George Perkins Marsh is not as familiar a name today as Ralph Waldo Emerson or Henry David Thoreau. Yet Marsh occupies an important place in the early history of the conservation movement as someone who applied his brilliant mind to the problem of how man utilizes, and damages and disturbs, the natural world.
In 1864 Marsh published a book, Man and Nature, which emphatically made the case that man was doing great damage to the environment. Marsh's argument was ahead of its time, to say the least. In the mid-1800s most people could not, or would not, grasp the concept that mankind could harm the earth.
Marsh did not write with the grand literary style of Emerson or Thoreau, and perhaps he is not better known today because much of his writing can seem more competently logical than eloquently dramatic. Yet his words, read a century and a half later, are striking for how prophetic they are.
Early Life of George Perkins Marsh
George Perkins Marsh was born on March 15, 1801 in Woodstock, Vermont. Growing up in a rural setting, he retained a love of nature throughout his life. As a child he was intensely curious, and, under the influence of his father, a prominent Vermont attorney, he began to read voluminously at the age of five.
Within a few years his eyesight began to fail, and he was forbidden to read for several years. He apparently spent much time during those years wandering out of doors, observing nature.
Allowed to begin reading again, he consumed books at a furious rate, and in his late teens he attended Dartmouth College, from which he graduated at the age of 19. Thanks to his diligent reading and studying, he was capable of speaking several languages, including Spanish, Portuguese, French, and Italian.
He took a job as a teacher of Greek and Latin, but didn’t like teaching, and gravitated to the study of law.
Political Career of George Perkins Marsh
At the age of 24 George Perkins Marsh began practicing law in his native Vermont. He moved to Burlington, and attempted several businesses. Law and business didn’t fulfill him, and he began dabbling in politics. He was elected as a member of the House of Representatives from Vermont, and served from 1843 to 1849.
In the Congress Marsh, along with a freshman congressman from Illinois, Abraham Lincoln, opposed the United States declaring war on Mexico. Marsh also opposed Texas entering the Union as a slave state.
Involvement With the Smithsonian Institution
The most significant achievement of George Perkins Marsh in Congress is that he spearheaded efforts to establish the Smithsonian Institution.
Marsh was a regent of the Smithsonian in its earliest years, and his obsession with learning and his interest in a wide variety of subjects helped guide the institution toward becoming one of the world’s greatest museums and institutions for learning.
George Perkins Marsh Was an American Ambassador
In 1848 President Zachary Taylor appointed George Perkins Marsh as the American minister to Turkey. His language skills served him well in the post, and he used his time overseas to collect plant and animal specimens, which he sent back to the Smithsonian.
He also wrote a book on camels, which he had a chance to observe while traveling in the Middle East. He believed camels could be put to good use in America, and based on his recommendation, the US Cavalry obtained more than 50 camels, which it attempted to use in Texas and the southwest. The experiment failed, mainly because the cavalry officers didn’t fully understand how to handle the camels.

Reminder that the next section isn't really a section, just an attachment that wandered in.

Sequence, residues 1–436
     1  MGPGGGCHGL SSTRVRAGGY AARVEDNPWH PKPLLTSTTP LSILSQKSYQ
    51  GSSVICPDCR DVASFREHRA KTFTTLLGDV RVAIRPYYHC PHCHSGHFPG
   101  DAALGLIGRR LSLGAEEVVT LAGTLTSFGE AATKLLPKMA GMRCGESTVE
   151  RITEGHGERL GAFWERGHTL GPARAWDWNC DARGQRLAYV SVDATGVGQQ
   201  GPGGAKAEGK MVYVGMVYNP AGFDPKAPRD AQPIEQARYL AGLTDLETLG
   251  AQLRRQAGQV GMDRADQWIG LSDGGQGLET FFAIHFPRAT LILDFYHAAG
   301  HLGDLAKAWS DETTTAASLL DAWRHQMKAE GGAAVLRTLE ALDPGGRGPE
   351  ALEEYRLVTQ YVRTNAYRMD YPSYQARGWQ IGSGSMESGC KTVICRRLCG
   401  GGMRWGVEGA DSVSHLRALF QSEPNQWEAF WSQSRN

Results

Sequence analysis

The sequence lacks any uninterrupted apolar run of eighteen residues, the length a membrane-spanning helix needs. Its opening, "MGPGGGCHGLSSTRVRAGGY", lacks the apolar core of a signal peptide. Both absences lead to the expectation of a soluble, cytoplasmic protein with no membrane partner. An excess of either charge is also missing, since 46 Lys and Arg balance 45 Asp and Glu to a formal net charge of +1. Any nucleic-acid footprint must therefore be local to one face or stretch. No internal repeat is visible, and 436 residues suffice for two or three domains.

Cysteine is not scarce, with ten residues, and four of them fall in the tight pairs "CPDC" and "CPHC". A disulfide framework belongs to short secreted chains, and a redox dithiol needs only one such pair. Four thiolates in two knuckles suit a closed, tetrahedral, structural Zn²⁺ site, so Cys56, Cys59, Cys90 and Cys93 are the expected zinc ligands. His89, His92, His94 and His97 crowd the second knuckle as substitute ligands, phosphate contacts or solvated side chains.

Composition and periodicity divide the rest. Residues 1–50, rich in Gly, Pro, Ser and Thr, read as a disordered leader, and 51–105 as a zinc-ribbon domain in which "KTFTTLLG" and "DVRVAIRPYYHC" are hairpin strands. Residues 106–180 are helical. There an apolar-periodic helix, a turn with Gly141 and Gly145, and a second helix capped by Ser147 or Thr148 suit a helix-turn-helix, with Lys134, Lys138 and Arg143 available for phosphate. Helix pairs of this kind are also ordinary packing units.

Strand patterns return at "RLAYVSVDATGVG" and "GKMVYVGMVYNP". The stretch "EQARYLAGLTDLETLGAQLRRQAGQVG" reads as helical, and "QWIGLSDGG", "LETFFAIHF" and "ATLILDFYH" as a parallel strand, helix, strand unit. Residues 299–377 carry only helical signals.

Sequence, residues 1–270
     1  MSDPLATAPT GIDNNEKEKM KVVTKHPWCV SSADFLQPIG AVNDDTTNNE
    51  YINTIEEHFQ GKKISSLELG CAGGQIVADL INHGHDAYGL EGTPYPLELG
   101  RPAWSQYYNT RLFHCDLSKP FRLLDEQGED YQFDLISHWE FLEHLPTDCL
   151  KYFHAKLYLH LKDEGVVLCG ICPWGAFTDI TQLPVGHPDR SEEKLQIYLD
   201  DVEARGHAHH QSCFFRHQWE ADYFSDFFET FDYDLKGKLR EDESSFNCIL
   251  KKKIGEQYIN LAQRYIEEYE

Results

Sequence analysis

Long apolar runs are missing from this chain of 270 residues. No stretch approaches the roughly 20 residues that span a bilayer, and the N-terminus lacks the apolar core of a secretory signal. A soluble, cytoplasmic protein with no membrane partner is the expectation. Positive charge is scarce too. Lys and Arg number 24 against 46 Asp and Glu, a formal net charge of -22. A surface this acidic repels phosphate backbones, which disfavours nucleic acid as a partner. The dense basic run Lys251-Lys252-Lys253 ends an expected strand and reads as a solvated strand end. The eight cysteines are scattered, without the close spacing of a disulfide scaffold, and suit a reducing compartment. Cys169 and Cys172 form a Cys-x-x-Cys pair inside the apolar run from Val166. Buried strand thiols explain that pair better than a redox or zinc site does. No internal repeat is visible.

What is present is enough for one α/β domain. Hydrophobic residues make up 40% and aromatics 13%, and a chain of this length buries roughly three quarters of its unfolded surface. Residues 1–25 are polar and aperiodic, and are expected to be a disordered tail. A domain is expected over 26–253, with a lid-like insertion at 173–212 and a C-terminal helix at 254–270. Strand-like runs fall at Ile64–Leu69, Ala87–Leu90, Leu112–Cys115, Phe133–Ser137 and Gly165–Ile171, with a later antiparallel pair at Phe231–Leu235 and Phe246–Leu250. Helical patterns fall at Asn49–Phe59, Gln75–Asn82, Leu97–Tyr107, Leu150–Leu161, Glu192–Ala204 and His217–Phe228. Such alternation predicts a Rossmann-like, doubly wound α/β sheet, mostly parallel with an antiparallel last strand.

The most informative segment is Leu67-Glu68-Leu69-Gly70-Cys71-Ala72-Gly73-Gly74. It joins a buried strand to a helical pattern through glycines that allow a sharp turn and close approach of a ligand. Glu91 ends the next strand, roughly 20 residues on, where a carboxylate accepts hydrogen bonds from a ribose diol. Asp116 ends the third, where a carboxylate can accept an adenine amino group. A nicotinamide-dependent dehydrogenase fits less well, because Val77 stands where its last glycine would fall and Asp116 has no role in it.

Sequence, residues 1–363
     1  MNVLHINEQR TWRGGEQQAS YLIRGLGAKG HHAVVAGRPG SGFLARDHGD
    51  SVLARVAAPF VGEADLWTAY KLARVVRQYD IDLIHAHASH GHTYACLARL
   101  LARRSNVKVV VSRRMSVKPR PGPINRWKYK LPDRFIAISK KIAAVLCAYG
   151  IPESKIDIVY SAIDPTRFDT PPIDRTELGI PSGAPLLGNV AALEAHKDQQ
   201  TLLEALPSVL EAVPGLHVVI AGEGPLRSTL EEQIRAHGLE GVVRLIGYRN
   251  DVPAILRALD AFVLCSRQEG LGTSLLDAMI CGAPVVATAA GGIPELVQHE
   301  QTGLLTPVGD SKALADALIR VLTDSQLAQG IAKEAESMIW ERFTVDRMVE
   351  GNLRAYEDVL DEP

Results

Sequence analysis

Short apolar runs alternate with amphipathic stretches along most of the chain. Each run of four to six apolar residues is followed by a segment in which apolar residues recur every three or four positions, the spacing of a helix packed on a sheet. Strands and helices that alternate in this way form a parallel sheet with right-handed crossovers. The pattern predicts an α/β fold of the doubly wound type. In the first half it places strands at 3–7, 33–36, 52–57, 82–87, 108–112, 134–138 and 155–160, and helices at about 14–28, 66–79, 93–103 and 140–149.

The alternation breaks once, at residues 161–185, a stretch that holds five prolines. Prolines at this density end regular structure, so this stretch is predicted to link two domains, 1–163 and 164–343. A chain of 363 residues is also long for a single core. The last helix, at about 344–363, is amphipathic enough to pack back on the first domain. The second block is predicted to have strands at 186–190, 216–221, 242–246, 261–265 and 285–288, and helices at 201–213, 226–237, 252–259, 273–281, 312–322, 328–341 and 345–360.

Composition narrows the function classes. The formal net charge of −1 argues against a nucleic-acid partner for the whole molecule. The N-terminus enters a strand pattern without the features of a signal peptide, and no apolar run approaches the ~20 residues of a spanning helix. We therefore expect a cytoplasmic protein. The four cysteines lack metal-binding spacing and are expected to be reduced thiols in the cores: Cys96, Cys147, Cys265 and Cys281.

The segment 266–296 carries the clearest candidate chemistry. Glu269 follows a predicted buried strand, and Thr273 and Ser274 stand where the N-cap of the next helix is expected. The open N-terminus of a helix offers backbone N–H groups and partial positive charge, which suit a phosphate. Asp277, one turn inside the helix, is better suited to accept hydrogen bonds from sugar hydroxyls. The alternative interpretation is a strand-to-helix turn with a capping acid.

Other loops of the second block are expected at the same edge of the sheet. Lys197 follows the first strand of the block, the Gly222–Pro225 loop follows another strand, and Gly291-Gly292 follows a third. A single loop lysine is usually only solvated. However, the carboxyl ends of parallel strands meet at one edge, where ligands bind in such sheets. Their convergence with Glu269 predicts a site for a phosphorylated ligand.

In the mid-1850s Marsh returned to Vermont, where he worked in state government. In 1861 President Abraham Lincoln appointed him ambassador to Italy. He kept the ambassadorial post in Italy for the remaining 21 years of his life. He died in 1882 and was buried in Rome.
Environmental Writings of George Perkins Marsh
The curious mind, legal training, and love of nature of George Perkins Marsh led him to become a critic of man how was despoiling the environment in the mid-1800s. At a time when people believed the earth’s resources were infinite and existed solely for man to exploit, Marsh argued quite the opposite case.
In his masterpiece, Man and Nature, Marsh makes the forceful case that man is on earth to borrow its natural resources and should be responsible in how he proceeds.
While overseas, Marsh had the chance to observe how people used the land and natural resources in older civilizations, and he compared that to what he had seen in New England in the 1800s. Much of his book is actually a history of how different civilizations viewed their use of the natural world.
The central argument of the book is that man needs to conserve, and, if possible, replenish natural resources.
In Man and Nature, Marsh wrote of the “hostile influence” of man, stating, “man is everywhere a disturbing agent. Wherever he plants his foot the harmonies of nature are turned to discords.”
Legacy of George Perkins Marsh
Marsh’s ideas were ahead of his time, yet Man and Nature was a popular book, and went through three editions (and was retitled at one point) during Marsh's lifetime. Gifford Pinchot, the first head of the US Forest Service in the late 1800s, considered Marsh's book "epoch making." The creation of the US National Forests and the National Parks were partly inspired by George Perkins Marsh.
Marsh's writing, however, faded into obscurity before being rediscovered in the 20th century. Modern environmentalists were impressed with Marsh’s skillful depiction of environmental problems and his suggestions for solutions based on conservation. Indeed, many conservation projects which we take for granted today have their earliest roots in the writings of George Perkins Marsh.